The Fourth Industrial Revolution has transformed the way conventional manufacturing systems operate. As we transition into the future of industry 4.0, the combination of Internet of Things (IoT), artificial intelligence (AI), big data and analytics make the concept of smart factories a reality.
For me, this is really exciting especially with the clear return of investment and the reduction in costs eventually (if they get it right). However, I feel that because of the big-ticket items above such as automation, manufacturers could get carried away and end with a more complicated factory than today in a short period of time. Nevertheless, I remain a firm supporter of smart factories (and you will see why below) as long as this is introduced in an incremental and iterative way, so organisations can learn what is right for them.
From factories to smart factories
By nature, factories are large, complex systems with many components of production in multiple locations. Static to change, conventional manufacturing practices struggle to satisfy the ever-evolving expectations of customers and the need to operate in a sustainable manner. Manufacturers need to be proactive and flexible, whilst also keeping their costs low and optimising their resources. Obtaining real-time data is one of the key aspects to leveraging change and customer needs.
With the rapid movement of Industry 4.0, the uncertainty of future challenges and the need to stay competitive, organisations are becoming increasingly eager to implement smart factories in their operations. These smart factories, can integrate an entire manufacturing supply chain, including its components located across the globe. It is the design of these factories that makes it plausible for the interconnectivity of manufacturing systems, enabling the analysis and communication of real time information.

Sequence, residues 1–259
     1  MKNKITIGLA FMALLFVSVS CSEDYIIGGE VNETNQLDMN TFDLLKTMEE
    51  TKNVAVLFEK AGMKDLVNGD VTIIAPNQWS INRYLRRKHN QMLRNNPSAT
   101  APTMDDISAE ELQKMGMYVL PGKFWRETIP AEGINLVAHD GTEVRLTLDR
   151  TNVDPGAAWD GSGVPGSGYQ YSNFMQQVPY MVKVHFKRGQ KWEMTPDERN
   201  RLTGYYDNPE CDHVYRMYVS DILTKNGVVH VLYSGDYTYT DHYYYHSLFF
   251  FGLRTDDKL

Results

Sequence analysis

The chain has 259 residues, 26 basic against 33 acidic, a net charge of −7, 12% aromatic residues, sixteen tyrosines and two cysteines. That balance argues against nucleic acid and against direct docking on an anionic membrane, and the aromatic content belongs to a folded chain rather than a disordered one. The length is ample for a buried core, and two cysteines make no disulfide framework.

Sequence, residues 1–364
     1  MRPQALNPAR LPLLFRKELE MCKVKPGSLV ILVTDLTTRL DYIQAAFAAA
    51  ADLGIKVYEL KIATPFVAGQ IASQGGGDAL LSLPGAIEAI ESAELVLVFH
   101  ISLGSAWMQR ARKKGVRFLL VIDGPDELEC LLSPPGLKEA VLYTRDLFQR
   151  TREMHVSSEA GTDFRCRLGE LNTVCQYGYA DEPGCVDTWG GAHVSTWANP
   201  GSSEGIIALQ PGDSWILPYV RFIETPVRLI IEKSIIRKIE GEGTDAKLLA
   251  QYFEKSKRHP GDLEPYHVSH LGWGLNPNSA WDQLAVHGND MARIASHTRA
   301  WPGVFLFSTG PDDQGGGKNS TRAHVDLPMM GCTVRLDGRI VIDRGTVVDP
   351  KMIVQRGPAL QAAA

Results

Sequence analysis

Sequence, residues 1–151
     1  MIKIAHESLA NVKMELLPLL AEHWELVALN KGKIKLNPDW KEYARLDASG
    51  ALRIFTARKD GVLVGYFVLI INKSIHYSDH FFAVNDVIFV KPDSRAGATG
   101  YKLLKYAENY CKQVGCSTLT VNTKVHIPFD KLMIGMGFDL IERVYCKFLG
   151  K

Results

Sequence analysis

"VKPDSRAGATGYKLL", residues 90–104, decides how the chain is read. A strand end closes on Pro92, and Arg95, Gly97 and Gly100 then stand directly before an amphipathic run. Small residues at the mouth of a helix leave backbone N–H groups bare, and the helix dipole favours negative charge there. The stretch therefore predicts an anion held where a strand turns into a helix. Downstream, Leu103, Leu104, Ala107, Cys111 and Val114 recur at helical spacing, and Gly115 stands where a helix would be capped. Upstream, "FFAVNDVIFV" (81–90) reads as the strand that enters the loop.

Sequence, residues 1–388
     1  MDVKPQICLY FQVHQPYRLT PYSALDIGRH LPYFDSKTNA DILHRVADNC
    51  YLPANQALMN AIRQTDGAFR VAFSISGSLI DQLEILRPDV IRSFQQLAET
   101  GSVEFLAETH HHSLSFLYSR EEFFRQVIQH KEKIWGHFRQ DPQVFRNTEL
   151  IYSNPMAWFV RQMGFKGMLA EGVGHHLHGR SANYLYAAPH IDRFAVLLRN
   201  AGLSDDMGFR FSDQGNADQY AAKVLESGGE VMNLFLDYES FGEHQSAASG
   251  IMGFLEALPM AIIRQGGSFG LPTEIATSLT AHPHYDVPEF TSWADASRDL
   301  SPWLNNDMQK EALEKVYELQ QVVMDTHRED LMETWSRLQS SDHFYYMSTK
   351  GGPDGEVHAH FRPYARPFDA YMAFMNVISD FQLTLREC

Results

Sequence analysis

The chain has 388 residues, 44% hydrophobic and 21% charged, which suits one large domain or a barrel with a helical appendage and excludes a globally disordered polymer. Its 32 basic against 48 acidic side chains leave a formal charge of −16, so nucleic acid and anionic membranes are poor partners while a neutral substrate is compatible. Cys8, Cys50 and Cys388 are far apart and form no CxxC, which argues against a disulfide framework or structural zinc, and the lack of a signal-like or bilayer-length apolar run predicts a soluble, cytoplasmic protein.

Smart factories unwrapped
The new report from the Capgemini Research Institute, “Smart factories @ scale”, has found that some organisations have already made one-third of their factories smart, with plans to transform 40% more over the next five years. According to the report, we are also seeing manufacturers committed to invest significant amounts towards smart factories. The estimated worth of the smart factory market for technologies such as MES, ERP, PLM and others is approximately $154 billion.
However, what makes smart factories so powerful?
- Intelligent automation: The integration of advanced robotics, distributed control and machine vision, reduce the level of human interaction during production and as a result, decrease the amount of errors and unnecessary energy consumption in producing the wrong product mix to supply the market JIT. This not only lowers costs, but it also increases reliability and manufacturing efficiency and effectiveness.
- Big data management and analytics: The implementation of AI and predictive analytics, enables for the automation of routine tasks allowing humans to focus on handling higher-level decisions. Its predictive analysis can provide manufacturers with the information of future risks, including where, when and how to prevent these.